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The first thing I hear as I approach Nike's Ronaldo Field in Portland, Ore., is Adele's "Rolling in the Deep" booming out of the stereo. There's a fire starting in my heart, reaching a fever pitch and it's bringing me out the dark. Then, there's giggling. Lots of giggling. I see in the distance a group of teenage girls, dressed head to toe in red, doing partner soccer drills, and I smile. It reminds me of playing the game in my youth.
But these girls are nothing like me. Many of them just started in soccer, most do not get a chance to train regularly, and none of them have ever imagined the possibility of being able to play in college, let alone on a professional team…until now.
"In Indonesia, it's so rare for a woman to play soccer," says Eva Rahayu, an 18-year-old from Malang who just picked up the sport three months ago. "Indonesian people think that soccer is just for boys, and it's not good for women to play. They think it's dangerous, but I don't think so -- I think it's fun! And I think women can play with no difference than boys."
As part of an American-Indonesian soccer exchange program, Eva, along with 14 other Indonesian teenage girls, just spent 10 days in the U.S., visiting schools, meeting professional female players, training with top-notch coaches, experiencing American culture, and of course, playing soccer. Funded by a grant from the Bureau of Educational and Cultural Affairs' SportsUnited Office at the U.S. Department of State, the exchange is part of Secretary of State Hillary Rodham Clinton's Women's World Cup Initiative, launched on June 6, which seeks to empower women and girls through sports.
The two-way exchange began in January, when four U.S. soccer coaches traveled to Indonesia and trained more than 250 athletes and 45 coaches in the regions of Jakarta, Surabaya and Pontianak. Then last week, Indonesian girls visited the San Francisco Bay area and Portland, where they practiced with local high school players, trained with professionals, and visited the Stanford University and Nike campuses, both epicenters of American sports culture and education.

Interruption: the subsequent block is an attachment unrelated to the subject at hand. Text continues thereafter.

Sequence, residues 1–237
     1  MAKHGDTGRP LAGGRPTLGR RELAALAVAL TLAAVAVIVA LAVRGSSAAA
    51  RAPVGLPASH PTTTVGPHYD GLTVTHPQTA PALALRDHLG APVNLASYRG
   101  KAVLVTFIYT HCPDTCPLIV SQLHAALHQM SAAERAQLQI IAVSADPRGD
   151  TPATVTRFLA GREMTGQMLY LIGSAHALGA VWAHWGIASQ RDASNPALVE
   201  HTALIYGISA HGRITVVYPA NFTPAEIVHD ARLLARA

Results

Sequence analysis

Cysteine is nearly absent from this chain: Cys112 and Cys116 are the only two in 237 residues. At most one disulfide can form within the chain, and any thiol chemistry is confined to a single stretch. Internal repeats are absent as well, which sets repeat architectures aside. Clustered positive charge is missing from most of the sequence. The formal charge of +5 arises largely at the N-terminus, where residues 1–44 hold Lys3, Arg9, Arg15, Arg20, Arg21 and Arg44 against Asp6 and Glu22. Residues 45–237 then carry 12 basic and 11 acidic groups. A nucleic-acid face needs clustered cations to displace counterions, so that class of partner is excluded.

"We want to show these girls that there are thousands and thousands of young women who play this game," says Karen Willoughby, the program director at the International Center's Sports Corps Division. "We've had them play with high school club teams their own age, train with and watch semi-professional women's teams, and we even watched a Portland Timbers game together. Meeting other Americans and realizing that they share a common joy and love of soccer has really resonated with everyone."
"I've loved soccer since I was a little girl, and I know I can do it, play as good as boys," says 19-year-old Kiky Navy Sukmawati. "Now I want to invite my friends to play soccer with me on my campus. Maybe with this program, I can say to them, 'Hey, girls do have opportunities to play soccer. We can do it.'"
There's a fire starting in my heart, reaching a fever pitch and it's bringing me out the dark.
As I walk away from the field, the girls circle up for a group stretch, happy to be done with their workout for the day, still giggling, and I smile. Maybe they're more like me than I realized.